Japan's longstanding safe-haven status is once again coming back to bite it as the yen appreciated sharply on Monday, returning it to its strongest level against the greenback since January, and capping off a week of sharp appreciation against the greenback.
But following reports that the BoJ, Finance Ministry and others partook in an emergency meeting on Monday to discuss whether to intervene (presumably with the expectation that the yen could soon strengthen to the critical ¥100 to the dollar now that the US has officially labeled China a currency manipulator), some analysts are wondering whether Japanese officials might order a "stealth" intervention by insisting that Japan's pension funds speed up planned purchases of foreign assets, according to the FT.
One macro strategist for NatWest Markets explained how state-linked asset managers might make this happen.
Mansoor Mohi-uddin, senior macro strategist at NatWest Markets, warned investors that the GPIF and other state-linked Japanese asset managers were likely to have more influence in currency markets in coming months, particularly if the rate cuts by the US Federal Reserve put sustained upward pressure on the yen. The GPIF - the world’s largest pension fund - currently holds around 17% of its total assets in foreign bonds and 25.5 per cent in foreign equities, close to its respective targets of 15 per cent and 25 per cent.
However, its guidelines permit significant fluctuation around those targets, which allows the fund the scope to buy a further $140 billion of overseas securities, according to Mr Mohi-uddin. “In a risk case where the yen strengthens sharply and the Trump administration is adamantly opposed to the [Bank of Japan] intervening on behalf of the Ministry of Finance in the currency markets, the GPIF has the ability to ramp up its purchases of overseas securities and offset much of Japan’s annual current account surplus," he said.
International agreements give Japan the leeway to act should currency fluctuations negatively impact the economy and financial markets, though some expect Japan will wait to officially intervene until the yen hits ¥100 to the dollar.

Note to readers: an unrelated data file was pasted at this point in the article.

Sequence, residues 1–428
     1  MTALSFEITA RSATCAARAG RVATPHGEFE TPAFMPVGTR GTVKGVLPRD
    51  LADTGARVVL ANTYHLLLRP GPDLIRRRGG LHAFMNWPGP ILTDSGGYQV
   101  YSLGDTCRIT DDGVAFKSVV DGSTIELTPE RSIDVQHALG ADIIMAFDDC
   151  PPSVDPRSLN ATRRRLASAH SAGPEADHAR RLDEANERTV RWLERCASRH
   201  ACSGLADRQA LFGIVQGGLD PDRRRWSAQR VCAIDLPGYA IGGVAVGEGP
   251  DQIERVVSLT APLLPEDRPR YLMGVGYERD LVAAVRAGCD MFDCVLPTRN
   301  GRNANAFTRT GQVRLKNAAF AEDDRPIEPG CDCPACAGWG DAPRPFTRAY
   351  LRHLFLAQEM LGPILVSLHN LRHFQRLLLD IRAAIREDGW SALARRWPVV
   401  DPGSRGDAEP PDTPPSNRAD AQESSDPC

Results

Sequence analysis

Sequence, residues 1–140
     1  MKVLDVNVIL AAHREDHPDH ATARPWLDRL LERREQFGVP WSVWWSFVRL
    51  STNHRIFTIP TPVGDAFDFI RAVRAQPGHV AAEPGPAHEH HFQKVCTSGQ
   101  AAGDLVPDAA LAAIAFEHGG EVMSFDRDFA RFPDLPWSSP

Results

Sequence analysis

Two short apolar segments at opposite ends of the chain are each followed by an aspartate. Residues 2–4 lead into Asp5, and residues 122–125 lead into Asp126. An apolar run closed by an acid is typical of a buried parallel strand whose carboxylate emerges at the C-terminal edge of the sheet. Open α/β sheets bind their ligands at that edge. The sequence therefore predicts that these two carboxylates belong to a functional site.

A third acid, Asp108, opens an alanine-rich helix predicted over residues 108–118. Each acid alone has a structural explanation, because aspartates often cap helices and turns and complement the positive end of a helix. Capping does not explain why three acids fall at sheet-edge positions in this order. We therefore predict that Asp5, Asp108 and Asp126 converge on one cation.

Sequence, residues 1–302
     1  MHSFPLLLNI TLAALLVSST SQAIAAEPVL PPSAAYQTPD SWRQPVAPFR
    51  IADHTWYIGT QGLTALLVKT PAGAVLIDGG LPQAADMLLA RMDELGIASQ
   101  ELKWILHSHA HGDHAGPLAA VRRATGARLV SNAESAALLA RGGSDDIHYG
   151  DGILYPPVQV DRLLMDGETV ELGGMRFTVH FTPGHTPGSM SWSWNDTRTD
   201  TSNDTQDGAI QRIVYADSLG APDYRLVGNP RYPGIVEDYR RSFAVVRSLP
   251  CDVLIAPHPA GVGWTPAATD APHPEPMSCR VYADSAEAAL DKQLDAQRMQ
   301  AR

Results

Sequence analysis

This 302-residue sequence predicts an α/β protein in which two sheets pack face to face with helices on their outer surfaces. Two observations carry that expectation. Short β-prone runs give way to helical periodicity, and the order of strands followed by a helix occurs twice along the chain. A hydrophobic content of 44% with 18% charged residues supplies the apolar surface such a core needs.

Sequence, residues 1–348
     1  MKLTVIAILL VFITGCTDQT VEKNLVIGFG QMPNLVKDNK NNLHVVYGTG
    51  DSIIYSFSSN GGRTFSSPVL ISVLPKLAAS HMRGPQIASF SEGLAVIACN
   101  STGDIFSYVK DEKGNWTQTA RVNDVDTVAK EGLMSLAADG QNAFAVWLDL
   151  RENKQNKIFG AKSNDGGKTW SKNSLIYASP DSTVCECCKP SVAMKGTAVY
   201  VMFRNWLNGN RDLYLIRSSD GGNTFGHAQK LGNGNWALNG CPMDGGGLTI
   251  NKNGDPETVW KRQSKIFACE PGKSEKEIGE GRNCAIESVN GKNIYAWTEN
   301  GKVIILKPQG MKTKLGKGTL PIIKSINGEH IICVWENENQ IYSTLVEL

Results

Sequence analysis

The yen’s sudden move prompted an emergency meeting of officials from the Finance Ministry, Financial Services Agency and BoJ. After that meeting, Yoshiki Takeuchi, vice-finance minister for international affairs, said: "As we have said, it is necessary to take action based on the G7 and G20 agreement should currency moves have a negative impact on the economy and on financial markets."
Although investors largely read the remarks as a signal Japan was technically ready to intervene, most have assumed it would not do so unless the yen moved more aggressively towards the ¥100 mark against the dollar.
Despite traders’ speculation, some analysts, including Wisdom Tree Japan head Jesper Koll, believe that the GPIF is not a political creature and that its attempts to set itself up as a model of governance make the chances of it being dragged into intervention efforts "almost nil."
But if the Trump administration objects and starts making threats about labeling Tokyo a currency manipulator, the 'stealth intervention' is always an option.
"In a risk case where the yen strengthens sharply and the Trump administration is adamantly opposed to the [Bank of Japan] intervening on behalf of the Ministry of Finance in the currency markets, the GPIF has the ability to ramp up its purchases of overseas securities and offset much of Japan’s annual current account surplus," he said.
And with more market turbulence expected to spark a wave of repatriations, the ¥100 level might not be too far off.